Venus and Jupiter make one star

The year’s closest conjunction of planets comes this Saturday – and they are the two brightest.

Venus-Jupiter close conjunction

Venus will pass north of Jupiter by only 0.07° (2.3 times Jupiter’s apparent width), so they will be like a single star.  Their magnitudes of -3.9 and -1.7 add up, in the logarithmic way of magnitudes, to -4, not quite as brilliant as Venus can  be by itself when farther out from the Sun.  The “appulse,” or closest moment, is August 27 about 22 Universal Time, which is 6 PM by clocks in eastern North America, 3 PM on the Pacific coast – a couple of hours before the time of this twilight picture.

The planets are 22° out east from the Sun, but unfortunately for us in the northern hemisphere they are out along the southward-sloping late-summer reach of the ecliptic, therefore at a low angle to our horizon.  At the time pictured, they are only about 2 degrees above the horizon, and soon to set.  Possibly you can spot them sooner, or even by daylight.  At only 10 minutes after sunset, they will be more like 8° high.

Mercury is nearby, and will at Aug. 28, 4 UT, form a tightest grouping with the other two, a “trio,” the three fitting in a circle of minimum diameter barely over 5°.  But Mercury, unlike the other two, happens to be well south of the ecliptic, thus hopelessly out of view for northern observers.

For those living on the southern hemisphere of our rounded planet, the scene is tilted much more favorably.

Venus-Jupiter conjunction as seen from Australia

The season here is late winter and the ecliptic slopes steeply upward from Sun to planets.  At this place and time, Venus and Jupiter are 12° above the horizon, Mercury 15°.

This is how the planets are moving in space.

Planets in space, 2016 August 28

Their courses are shown for the month of August, with sightlines from Earth at Aug. 28.0.  The dashed line is the vernal equinox direction, the origin or “Greenwich” for our mapping of space.

 

9 thoughts on “Venus and Jupiter make one star”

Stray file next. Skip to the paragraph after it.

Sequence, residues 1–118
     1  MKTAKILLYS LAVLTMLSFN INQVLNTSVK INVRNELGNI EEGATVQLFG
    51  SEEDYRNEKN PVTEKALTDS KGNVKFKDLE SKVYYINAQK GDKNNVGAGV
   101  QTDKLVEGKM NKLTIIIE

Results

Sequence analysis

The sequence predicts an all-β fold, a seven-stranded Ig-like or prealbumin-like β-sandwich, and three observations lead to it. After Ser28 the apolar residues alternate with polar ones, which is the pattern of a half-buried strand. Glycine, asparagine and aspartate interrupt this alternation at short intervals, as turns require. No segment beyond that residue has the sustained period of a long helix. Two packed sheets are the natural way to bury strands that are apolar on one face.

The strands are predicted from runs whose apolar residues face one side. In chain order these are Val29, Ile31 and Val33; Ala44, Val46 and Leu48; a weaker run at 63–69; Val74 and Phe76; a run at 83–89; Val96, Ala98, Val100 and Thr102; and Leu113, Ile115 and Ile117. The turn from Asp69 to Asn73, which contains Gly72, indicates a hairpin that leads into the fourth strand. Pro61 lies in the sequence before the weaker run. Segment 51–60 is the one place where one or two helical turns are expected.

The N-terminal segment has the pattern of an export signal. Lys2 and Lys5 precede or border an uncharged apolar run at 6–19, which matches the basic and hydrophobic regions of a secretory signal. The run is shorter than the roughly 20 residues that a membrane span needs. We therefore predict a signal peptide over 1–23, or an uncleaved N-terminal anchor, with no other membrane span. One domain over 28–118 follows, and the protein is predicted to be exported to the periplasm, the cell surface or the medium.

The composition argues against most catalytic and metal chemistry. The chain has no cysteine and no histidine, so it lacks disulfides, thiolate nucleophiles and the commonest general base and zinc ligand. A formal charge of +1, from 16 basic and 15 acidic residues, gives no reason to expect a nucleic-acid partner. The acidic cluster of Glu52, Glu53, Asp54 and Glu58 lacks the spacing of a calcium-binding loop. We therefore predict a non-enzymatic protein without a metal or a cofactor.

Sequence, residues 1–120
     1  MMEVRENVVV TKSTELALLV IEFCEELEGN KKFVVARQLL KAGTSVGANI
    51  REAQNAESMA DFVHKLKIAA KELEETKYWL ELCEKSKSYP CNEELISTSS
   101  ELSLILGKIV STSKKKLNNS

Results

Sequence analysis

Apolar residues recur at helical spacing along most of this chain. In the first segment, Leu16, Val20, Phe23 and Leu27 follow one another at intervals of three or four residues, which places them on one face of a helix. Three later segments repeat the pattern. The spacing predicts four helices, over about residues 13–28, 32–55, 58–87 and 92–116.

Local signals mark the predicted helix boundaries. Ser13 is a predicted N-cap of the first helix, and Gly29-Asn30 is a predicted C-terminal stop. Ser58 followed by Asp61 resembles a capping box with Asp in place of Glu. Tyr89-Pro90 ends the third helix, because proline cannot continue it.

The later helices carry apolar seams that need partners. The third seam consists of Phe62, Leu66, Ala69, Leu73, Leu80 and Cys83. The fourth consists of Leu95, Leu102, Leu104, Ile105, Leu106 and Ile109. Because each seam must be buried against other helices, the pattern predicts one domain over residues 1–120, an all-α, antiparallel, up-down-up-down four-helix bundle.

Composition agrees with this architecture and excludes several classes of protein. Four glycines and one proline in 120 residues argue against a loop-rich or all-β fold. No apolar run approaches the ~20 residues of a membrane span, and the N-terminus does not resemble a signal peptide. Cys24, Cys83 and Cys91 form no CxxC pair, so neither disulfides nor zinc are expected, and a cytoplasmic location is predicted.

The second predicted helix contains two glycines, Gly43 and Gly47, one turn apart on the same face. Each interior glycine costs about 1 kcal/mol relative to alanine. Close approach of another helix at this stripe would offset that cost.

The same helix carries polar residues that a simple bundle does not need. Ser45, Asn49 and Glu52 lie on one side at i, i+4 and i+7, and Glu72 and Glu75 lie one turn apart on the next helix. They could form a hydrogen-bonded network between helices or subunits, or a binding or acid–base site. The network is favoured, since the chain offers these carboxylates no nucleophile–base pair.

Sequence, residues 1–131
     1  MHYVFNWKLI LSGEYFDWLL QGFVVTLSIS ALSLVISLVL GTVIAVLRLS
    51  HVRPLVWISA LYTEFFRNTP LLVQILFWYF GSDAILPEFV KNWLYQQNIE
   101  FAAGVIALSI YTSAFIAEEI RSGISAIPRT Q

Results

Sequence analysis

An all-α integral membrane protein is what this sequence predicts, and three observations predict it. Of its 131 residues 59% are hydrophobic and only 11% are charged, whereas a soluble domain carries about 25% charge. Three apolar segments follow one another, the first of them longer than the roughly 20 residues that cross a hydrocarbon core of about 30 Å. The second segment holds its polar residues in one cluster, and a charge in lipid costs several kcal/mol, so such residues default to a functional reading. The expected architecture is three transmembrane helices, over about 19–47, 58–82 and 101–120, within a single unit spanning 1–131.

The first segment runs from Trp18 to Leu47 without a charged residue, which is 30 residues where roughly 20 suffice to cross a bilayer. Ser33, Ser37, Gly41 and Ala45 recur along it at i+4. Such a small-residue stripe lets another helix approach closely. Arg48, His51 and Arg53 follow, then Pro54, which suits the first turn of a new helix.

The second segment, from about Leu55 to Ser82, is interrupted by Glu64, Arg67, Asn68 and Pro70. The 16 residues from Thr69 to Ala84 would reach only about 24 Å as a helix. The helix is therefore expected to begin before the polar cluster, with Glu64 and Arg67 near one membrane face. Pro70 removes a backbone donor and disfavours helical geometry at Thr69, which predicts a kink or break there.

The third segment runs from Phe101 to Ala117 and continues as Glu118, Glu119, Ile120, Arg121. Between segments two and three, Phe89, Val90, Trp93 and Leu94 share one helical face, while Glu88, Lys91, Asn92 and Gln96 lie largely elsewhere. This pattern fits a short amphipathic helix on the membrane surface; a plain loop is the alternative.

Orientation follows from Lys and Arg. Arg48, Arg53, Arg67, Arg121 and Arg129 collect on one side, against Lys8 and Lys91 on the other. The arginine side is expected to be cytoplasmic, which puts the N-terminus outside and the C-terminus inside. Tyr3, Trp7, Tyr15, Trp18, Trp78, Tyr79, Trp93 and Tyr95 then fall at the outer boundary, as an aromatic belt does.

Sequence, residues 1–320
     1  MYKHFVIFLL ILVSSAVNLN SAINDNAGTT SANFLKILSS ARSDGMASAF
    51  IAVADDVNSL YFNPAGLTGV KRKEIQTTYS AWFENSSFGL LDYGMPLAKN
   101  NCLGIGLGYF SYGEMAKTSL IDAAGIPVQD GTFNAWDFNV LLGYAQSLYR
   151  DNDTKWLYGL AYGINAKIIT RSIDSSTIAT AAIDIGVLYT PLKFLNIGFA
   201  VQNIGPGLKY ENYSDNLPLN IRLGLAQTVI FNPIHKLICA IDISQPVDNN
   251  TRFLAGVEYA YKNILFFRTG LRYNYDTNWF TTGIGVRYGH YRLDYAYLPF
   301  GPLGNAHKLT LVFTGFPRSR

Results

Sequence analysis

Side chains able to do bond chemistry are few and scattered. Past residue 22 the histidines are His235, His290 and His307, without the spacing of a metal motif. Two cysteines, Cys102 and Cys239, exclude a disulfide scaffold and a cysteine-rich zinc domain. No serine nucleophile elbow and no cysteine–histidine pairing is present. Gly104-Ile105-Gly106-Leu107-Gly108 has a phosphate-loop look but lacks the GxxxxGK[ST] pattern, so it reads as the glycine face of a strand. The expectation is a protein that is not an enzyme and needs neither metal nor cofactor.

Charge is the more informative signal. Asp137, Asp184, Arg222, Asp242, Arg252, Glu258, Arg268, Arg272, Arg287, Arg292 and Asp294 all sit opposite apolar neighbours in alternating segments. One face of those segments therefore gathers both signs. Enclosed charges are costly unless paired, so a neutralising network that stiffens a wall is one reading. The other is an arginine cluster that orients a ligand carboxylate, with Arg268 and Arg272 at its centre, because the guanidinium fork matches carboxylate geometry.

1. We were lucky here in central Virginia to have clear skies, so I had a nice view of the pairing in bright twilight, around 8:15 p.m. local time. Unfortunately, I am in the midst of moving, so I didn’t have access to my camera equipment, nor the time to go to the trouble of trying to get a picture.

  2. I still haven’t seen Venus since its latest superior conjunction. It’s always exciting to see if for the first time in the evening sky.

    I like your new blog design. I think it’s sharper, more organized.

    Maybe it will accept a picture now above my name. I’ll give it another try when I get some time.

  3. VERY COOL!… I’ll take a look tonite as the skies seem to be clear enough.Who knows what tomorrow might bring. Thanks.

  4. Guy, again we appreciate the your post! Great job. For my information, and if you do not mind sharing, how do you generate the graphic representations of the solar system?

    1. I’m afraid the answer to that would be too long. I started programming in Fortran, long ago, and have built up such a huge system that way that I could not transfer to any of the more modern programming languages. I make my programs (the ones that plot pictures) write files in the language that Adobe Illustrator uses.

  5. Guy’s weblog has become more universal! I hope everything will work out. I like the new layout, although like any other new thing it will take me a little while to get used to it.

    I’m very much hoping to see Venus and Jupiter tomorrow evening. Because of unrelenting clouds and fog I missed Mars’ transit through the Saturn-Antares line earlier this week. Tomorrow afternoon I’ll be on the east side of San Francisco Bay and I’ll head up into the hills, hopefully above the fog, to see Venus giving her dad a peck on the cheek.

    1. Success! I drove to the Oakland Mormon Temple, which has a sweeping view over the bay (the Temple, with its five tall and distinctive spires, serves as an important landmark) and set up my 15×70 binoculars on a tripod in the parking lot. The young security guard was curious, and welcoming when I explained what I was doing. There were a lot of people coming and going for different activities: wholesome-looking young white couples, big Pacific-Islander and Latino families, presumably all united by their Mormon faith.

      The sky was partly cloudy, but I found Venus in a big hole in the clouds 15 minutes before sunset, and Jupiter as a faint ghost just before sunset. Ten minutes after sunset Venus was faintly visible to the naked eye, and Jupiter resolved to a dusky disk in binoculars. Half an hour after sunset both were visible to the naked eye and distinctly separate, 11 arcminutes apart according to my planetarium software. They disappeared and reappeared behind passing clouds. I looked for Mercury and the Galilean moons, but didn’t see them. By 45 minutes after sunset Jupiter and then Venus descended into the final cloud bank.

      I shared the view with a few people, including a young woman who had studied astronomy in college, and a boy of perhaps five who was enthralled to see Jupiter, which he knew was the biggest planet.

      1. That is good data on the visibility of the planets when low. You even mention “cloud” low to the horizon, not just haze. I have no hope of seeing a low clear horizon from anywhere near me now.

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